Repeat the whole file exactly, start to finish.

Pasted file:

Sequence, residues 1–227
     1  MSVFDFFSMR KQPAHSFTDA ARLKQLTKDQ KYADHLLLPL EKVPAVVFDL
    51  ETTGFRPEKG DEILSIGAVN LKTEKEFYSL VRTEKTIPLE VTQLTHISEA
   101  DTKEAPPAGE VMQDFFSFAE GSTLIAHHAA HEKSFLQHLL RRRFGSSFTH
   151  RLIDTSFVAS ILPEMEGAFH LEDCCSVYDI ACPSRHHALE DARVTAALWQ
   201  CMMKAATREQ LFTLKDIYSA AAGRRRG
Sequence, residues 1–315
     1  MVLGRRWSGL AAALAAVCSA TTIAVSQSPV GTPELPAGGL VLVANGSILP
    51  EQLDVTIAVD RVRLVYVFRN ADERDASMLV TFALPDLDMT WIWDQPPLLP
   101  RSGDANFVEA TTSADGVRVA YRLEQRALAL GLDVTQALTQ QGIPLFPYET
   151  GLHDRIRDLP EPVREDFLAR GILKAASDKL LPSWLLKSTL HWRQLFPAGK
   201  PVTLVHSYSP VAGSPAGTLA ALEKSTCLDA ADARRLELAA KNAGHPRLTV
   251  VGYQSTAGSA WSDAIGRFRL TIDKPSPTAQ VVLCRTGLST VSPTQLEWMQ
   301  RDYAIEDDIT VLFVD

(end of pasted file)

Sequence, residues 1–227
     1  MSVFDFFSMR KQPAHSFTDA ARLKQLTKDQ KYADHLLLPL EKVPAVVFDL
    51  ETTGFRPEKG DEILSIGAVN LKTEKEFYSL VRTEKTIPLE VTQLTHISEA
   101  DTKEAPPAGE VMQDFFSFAE GSTLIAHHAA HEKSFLQHLL RRRFGSSFTH
   151  RLIDTSFVAS ILPEMEGAFH LEDCCSVYDI ACPSRHHALE DARVTAALWQ
   201  CMMKAATREQ LFTLKDIYSA AAGRRRG
Sequence, residues 1–315
     1  MVLGRRWSGL AAALAAVCSA TTIAVSQSPV GTPELPAGGL VLVANGSILP
    51  EQLDVTIAVD RVRLVYVFRN ADERDASMLV TFALPDLDMT WIWDQPPLLP
   101  RSGDANFVEA TTSADGVRVA YRLEQRALAL GLDVTQALTQ QGIPLFPYET
   151  GLHDRIRDLP EPVREDFLAR GILKAASDKL LPSWLLKSTL HWRQLFPAGK
   201  PVTLVHSYSP VAGSPAGTLA ALEKSTCLDA ADARRLELAA KNAGHPRLTV
   251  VGYQSTAGSA WSDAIGRFRL TIDKPSPTAQ VVLCRTGLST VSPTQLEWMQ
   301  RDYAIEDDIT VLFVD